Tommy couldn't see the face of the man seated across from him, his visage altered by a virtuascarf. Lots of hoods preferred them because they operated just like a traditional hood or scarf that covered the face when doing crime, however, unlike the real deal, virtuascarves only "projected" an impenetrable covering. A victim, in the throes of fear and violence could not snatch off suddenly a virtuascarf, the result of such an attempted action being to pass through the projected image. It also gave a false sense of where the persons face began and ended, another plus for would be rapists and other criminals. For example, the size of your nose could be programmed so it appeared larger under the projection making identification more difficult as well as self defense. One might swing at a hoods face only to discover they had misjudged their knuckles connecting, the persons actual face a few centimeters further back than projected.

Tommy had met this particular contact before as he'd had to do business with him on more than one occasion. This time, the mystery man shoved forward a smallish wristwatch across to him - a time slipper. "You got the knot?"

Tommy nodded and reached into his inside jacket pockets. He hated having to betray his contacts trust but there was not much choice for him. Instead of a bankroll of cash, out came a blastgun. The eyes barely visible behind the virtuascarf irised although that was probably a trick of the projected illusion. "You scarfing me?"

An involuntary smile played across Tommy's face at the irony of his contacts choice of phrase. Scarfing was the current phraseology for being robbed, ripped off. As in a hoods scarf being ripped off his face exposing him. "NO! Trust me, I am not scarfing you."

"Well, you got a motherfucking heatgun shoved in my face. You better know what you getting yourself into."

"Look, I can't afford the time slipper...today. I need it to obtain the money so I'm just borrowing it and I'll meet you here in three days with the cash for it. Promise. As if I'm taking your hydrocar for a harmless joyride."

The man glared for an interminable number of secs. Then, he laughed but it was not a jolly one. "I kill people who take my hydrocars for joyrides. You better be here in three days. And with triple the knot. And the time slipper! I want it returned."

Tommy nodded. "Then what the fuck am I paying for?"

"For forgiveness for sticking a piece of heat in my face. For a rental on something you've stolen from me. For your life if you value it. Consider it interest. Anything else, and you'll have committed suicide. You suicidal?"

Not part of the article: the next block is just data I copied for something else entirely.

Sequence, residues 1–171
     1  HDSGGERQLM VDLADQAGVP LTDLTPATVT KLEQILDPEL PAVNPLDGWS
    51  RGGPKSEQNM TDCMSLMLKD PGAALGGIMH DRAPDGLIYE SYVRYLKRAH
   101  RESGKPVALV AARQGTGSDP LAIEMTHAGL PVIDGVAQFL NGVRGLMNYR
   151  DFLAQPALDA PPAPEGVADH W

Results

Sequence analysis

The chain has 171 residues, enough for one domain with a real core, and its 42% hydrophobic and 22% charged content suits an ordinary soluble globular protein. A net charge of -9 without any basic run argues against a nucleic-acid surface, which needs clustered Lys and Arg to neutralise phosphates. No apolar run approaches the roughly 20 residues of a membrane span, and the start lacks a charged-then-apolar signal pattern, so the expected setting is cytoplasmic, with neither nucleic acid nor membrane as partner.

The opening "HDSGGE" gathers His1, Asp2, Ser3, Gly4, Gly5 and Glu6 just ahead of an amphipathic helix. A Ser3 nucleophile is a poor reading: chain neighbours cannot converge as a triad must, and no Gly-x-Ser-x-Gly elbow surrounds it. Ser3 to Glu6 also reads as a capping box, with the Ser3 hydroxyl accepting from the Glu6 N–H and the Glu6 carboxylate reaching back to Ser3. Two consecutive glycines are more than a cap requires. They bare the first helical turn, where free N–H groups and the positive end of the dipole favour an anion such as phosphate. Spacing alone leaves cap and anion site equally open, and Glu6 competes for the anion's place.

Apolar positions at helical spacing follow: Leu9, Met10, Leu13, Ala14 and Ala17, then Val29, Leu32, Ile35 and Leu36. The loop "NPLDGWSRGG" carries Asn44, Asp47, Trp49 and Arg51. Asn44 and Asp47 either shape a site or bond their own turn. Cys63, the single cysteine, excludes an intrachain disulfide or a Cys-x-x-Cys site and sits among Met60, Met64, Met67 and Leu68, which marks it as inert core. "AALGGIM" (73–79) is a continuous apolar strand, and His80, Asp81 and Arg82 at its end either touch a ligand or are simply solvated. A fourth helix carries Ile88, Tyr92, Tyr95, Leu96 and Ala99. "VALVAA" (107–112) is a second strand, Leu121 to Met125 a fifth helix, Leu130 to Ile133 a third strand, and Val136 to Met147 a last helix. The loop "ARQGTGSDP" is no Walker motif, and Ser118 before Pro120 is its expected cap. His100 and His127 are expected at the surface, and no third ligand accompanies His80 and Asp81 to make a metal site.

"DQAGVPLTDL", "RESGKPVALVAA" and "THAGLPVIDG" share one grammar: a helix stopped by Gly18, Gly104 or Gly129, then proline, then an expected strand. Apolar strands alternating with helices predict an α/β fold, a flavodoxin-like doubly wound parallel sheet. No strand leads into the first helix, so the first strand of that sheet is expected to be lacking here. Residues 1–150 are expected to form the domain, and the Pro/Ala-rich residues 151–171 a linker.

"Not yet. If that's what it takes to make it right, then it won't be a problem."



That evening, Tommy warily ate his meal across from his older brother. Danny was giving some small talk about his day at the office which went unregistered on his cerebrum and finally, he interrupted, "I need a hundred bucks. You can front me it?"

Danny stuttered, then looked curiously at Tommy. "Thats a lot of money. You know how long it takes to earn a hundred bucks? That's like a months worth of income."

"I know. You ain't got to tell me. But I kinda need it."

Danny wiped his chin. "What do you need it for?"

"Please, can I just have it? Trust? For once!"

"Alright." Danny hesitated a moment, then left the room, returning a moment later from wherever his private stash was kept. He handed over the hundred dollar bill. "Here's your Kennedy."

Tommy smiled at the young face of the former president on the hundred dollar bill. "You act like you never seen a Kennedy," snickered Danny.

"I haven't. I don't make the type of money you do. But I seen the older types." "Yeah, the old money had different people on the bills. But they changed those over shortly before you were born. What was the point of having a hundred when it was worth a penny? The old bills had Benjamin Franklin on them."

"Which president was he?"

Danny winced. "You really need to go back to school, Tommy."

"So how much is this worth, old money?"

"Half a mil, Two mil? I don't know. I was just a little too young to care when they switched over. Why?"

"I need to switch over."